Consequences of physician burnout
Physician burnout is problematic because it leads to unsatisfied physicians and high turnover, which significantly affects patients. For example, burnout is associated with higher rates of major medical errors. It can also negatively affect patients’ access to and continuity of care as well as their care experience. All of these issues can harm a healthcare organization’s reputation and, in turn, its bottom line. For these reasons, physician burnout is an important ongoing concern for healthcare finance leaders.
How to foster physician engagement in capturing risk
Addressing these challenges requires a strategic approach to making coding and risk adjustment practices more physician friendly. Following are six strategies that CFOs should consider as they strive to support physicians in more accurately and documenting the risk profile of their patients.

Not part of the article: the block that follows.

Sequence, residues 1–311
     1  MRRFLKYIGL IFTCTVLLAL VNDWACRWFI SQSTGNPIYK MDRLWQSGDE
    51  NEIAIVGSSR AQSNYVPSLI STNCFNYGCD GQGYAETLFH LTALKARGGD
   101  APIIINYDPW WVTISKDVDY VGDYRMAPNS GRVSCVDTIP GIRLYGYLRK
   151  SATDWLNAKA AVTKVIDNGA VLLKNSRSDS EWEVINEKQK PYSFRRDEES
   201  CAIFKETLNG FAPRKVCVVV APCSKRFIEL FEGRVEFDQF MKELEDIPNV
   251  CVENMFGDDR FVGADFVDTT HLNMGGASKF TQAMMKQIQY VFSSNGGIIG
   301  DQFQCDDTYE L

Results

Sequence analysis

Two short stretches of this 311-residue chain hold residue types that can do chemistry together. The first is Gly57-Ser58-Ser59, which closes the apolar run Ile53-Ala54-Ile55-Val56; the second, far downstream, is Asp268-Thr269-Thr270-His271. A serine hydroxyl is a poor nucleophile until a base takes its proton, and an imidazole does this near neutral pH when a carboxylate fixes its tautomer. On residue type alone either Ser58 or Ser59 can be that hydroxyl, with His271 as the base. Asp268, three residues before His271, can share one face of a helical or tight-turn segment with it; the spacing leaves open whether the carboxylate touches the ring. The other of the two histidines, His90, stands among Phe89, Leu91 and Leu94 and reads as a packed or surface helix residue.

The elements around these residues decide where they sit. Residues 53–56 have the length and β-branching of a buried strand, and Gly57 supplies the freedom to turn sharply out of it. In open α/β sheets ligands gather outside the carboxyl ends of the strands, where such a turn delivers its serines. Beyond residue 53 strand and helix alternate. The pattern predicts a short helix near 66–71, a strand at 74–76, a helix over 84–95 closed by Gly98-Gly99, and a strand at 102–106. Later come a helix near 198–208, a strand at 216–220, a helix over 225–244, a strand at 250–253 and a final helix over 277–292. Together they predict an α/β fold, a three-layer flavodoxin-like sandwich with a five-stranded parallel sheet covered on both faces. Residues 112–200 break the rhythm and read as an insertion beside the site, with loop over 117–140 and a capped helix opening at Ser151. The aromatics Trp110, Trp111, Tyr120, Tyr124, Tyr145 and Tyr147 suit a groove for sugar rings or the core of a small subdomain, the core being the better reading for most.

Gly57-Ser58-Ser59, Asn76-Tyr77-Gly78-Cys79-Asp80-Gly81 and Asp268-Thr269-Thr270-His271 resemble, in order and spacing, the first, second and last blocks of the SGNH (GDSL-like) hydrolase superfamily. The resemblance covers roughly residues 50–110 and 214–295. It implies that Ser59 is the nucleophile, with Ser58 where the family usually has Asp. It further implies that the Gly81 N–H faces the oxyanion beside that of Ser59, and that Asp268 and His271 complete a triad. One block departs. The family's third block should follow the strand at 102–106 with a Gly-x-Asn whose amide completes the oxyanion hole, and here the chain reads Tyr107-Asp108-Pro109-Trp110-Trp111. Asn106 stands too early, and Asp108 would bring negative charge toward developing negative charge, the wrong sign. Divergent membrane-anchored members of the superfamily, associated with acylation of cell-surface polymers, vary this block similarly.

1 Provide physicians with training on standard coding and documenting practices. One of the challenges associated with creating a risk-adjustment strategy is getting all physicians on the same page in terms of process and workflows. All too often, each practice — particularly one that’s newly acquired — will either have its own way of capturing risk or have no formal process at all. Consistency is important because it reduces the cost to operationalize the program, permits standardization of training and other key elements, and facilitates the establishment of expectations. Both the healthcare organization and the physicians will know exactly what is expected.